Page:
Moreover, any claim of prejudice to Petitioner resulting from alleged prosecutorial misconduct must be considered in light of the overall strength of the prosecution's case. Here, two eye-witnesses, both of whom had prior familiarity with Petitioner, identified him as the killer. (See Motion to Dismiss, Ex. 4 at 2.) This is strong proof of guilt, and it serves to minimize the prejudicial impact of the alleged prosecutorial misconduct. See United States v. Modica, 663 F.2d 1173, 1181 (2d Cir. 1981) (per curiam) ("if proof of guilt is strong, then the prejudicial effect of the [prosecutor's] comments tends to be deemed insubstantial"). For this reason as well, Petitioner's allegations would not justify granting habeas relief.

  I therefore recommend that Petitioner's prosecutorial misconduct claim be dismissed as procedurally barred and, in any event, without merit.


  For all of the foregoing reasons, I recommend that Petitioner's petition for a writ of habeas corpus be dismissed in its entirety, and that Petitioner's motion for summary judgment be denied. Further, I recommend that the Court decline to issue a certificate of appealability pursuant to 28 U.S.C. § 2253(c)(1)(A), because Petitioner has not "made a substantial showing of the denial of a constitutional right." 28 U.S.C. § 2253(c)(2).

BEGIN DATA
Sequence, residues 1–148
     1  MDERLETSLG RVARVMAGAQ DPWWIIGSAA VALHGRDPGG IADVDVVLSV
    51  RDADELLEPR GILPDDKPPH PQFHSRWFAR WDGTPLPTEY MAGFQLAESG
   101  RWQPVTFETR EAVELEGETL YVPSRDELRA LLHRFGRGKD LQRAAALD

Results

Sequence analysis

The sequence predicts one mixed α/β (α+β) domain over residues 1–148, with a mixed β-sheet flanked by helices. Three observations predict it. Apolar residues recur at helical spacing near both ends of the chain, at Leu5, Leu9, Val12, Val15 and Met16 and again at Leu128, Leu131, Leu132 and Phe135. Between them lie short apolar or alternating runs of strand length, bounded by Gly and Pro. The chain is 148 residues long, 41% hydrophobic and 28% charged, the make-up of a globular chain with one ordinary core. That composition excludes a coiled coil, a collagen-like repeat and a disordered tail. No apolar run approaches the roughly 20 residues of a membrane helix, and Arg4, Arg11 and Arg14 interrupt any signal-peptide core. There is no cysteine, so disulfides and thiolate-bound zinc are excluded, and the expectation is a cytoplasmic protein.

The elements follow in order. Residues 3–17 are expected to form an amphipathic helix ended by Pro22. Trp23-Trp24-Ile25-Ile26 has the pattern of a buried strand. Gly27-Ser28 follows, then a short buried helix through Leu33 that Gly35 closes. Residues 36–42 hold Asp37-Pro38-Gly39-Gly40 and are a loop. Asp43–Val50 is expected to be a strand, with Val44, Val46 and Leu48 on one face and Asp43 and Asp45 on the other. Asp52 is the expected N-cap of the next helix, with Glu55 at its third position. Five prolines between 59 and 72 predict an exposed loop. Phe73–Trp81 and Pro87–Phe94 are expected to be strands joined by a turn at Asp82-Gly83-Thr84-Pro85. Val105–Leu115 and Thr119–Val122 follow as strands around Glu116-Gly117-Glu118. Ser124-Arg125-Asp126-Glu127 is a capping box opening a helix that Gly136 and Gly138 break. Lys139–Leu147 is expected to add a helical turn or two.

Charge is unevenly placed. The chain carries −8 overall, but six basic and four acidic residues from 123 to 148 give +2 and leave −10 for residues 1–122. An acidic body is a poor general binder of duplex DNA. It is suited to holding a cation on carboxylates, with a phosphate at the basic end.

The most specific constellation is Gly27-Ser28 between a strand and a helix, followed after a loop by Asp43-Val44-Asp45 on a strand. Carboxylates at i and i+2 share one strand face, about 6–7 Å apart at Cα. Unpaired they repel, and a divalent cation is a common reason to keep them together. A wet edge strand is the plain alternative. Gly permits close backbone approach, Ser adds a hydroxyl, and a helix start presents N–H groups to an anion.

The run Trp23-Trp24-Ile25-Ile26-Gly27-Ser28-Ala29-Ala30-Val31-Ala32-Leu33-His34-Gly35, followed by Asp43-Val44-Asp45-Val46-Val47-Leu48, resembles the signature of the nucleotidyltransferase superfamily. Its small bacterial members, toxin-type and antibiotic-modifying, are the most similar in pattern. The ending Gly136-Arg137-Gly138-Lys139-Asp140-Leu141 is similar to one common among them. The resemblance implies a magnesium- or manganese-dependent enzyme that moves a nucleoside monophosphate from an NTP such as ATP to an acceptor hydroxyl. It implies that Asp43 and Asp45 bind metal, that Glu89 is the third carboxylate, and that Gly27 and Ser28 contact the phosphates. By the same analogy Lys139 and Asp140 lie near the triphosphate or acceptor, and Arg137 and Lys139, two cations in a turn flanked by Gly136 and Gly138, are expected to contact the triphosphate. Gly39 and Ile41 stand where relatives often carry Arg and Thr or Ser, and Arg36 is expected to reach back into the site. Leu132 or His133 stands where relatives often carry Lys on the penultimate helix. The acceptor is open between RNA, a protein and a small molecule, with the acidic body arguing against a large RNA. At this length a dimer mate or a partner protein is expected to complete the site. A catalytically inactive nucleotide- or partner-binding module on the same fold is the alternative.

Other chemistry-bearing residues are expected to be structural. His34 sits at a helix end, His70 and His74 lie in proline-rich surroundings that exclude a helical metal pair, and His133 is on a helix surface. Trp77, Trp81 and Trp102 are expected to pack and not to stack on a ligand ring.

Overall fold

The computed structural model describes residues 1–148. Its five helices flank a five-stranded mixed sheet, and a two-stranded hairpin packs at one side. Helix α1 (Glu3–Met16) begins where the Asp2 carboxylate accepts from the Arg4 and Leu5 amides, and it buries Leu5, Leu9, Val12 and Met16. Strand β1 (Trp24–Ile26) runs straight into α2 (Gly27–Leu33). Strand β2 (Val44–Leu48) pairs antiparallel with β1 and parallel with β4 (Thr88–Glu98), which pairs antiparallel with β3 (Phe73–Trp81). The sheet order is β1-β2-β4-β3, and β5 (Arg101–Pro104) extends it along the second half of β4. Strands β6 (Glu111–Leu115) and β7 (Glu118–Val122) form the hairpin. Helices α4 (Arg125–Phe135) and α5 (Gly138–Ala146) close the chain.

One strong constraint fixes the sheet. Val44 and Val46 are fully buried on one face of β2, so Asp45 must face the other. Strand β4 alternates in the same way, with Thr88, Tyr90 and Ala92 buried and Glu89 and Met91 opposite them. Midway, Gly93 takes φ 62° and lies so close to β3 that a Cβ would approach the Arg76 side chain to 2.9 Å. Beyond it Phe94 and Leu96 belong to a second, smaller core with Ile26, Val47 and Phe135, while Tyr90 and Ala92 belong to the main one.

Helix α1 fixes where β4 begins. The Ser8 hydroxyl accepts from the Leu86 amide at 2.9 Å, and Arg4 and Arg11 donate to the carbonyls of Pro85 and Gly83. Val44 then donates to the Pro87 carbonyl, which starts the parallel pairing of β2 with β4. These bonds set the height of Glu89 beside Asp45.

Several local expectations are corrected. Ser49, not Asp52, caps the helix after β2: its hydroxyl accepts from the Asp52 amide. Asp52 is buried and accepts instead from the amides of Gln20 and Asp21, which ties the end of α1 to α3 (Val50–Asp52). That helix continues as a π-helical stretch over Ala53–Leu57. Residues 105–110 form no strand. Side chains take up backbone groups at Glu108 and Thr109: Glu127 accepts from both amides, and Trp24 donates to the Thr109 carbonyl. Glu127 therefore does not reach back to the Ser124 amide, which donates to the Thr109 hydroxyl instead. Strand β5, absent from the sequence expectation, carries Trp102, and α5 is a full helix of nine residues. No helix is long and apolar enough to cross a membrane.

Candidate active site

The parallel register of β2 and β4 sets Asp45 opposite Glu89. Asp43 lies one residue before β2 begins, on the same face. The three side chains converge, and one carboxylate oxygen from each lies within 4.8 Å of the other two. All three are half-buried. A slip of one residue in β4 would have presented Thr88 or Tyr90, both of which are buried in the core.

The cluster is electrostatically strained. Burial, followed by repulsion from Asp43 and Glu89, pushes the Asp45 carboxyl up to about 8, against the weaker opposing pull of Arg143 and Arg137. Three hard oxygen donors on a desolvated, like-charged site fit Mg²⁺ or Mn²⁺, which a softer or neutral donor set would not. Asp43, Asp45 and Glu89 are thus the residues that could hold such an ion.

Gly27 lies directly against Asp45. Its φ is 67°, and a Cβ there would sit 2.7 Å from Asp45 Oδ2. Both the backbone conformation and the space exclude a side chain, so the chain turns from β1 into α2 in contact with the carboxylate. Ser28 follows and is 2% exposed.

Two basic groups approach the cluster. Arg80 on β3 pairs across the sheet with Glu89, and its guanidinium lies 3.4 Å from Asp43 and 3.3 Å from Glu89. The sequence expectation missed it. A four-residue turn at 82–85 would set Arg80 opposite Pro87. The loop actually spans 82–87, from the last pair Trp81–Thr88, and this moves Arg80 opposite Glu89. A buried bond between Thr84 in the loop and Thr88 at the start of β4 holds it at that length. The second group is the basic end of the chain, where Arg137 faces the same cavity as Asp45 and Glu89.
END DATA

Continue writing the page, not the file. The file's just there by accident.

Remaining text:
Pursuant to 28 U.S.C. § 636(b)(1) and Rule 72(b) of the Federal Rules of Civil Procedure, the parties shall have ten (10) days from service of this Report to file written objections. See also Fed.R.Civ.P. 6. Such objections, and any responses to objections, shall be filed with the Clerk of Court, with courtesy copies delivered to the chambers of the Honorable P. Kevin Castel, United States Courthouse, 500 Pearl Street, Room 2260, New York, New York 10007, and to the chambers of the undersigned, United States Courthouse, 40 Centre Street, Room 631, New York, New York, 10007. Any requests for an extension of time for filing objections must be directed to Judge Castel. FAILURE TO FILE OBJECTIONS WITHIN TEN (10) DAYS WILL RESULT IN A WAIVER OF OBJECTIONS AND WILL PRECLUDE APPELLATE REVIEW. See Thomas v. Am, 474 U.S. 140, 155 (1985); IUE AFL-CIO Pension Fund v. Hermann, 9 F.3d 1049, 1054 (2d Cir. 1993); Frank v. Johnson, 968 F.2d 298, 300 (2d Cir. 1992); Wesolek v. Canadair Ltd., 838 F.2d 55, 58 (2d Cir. 1988); McCarthy v. Manson, 714 F.2d 234, 237-38 (2d Cir. 1983).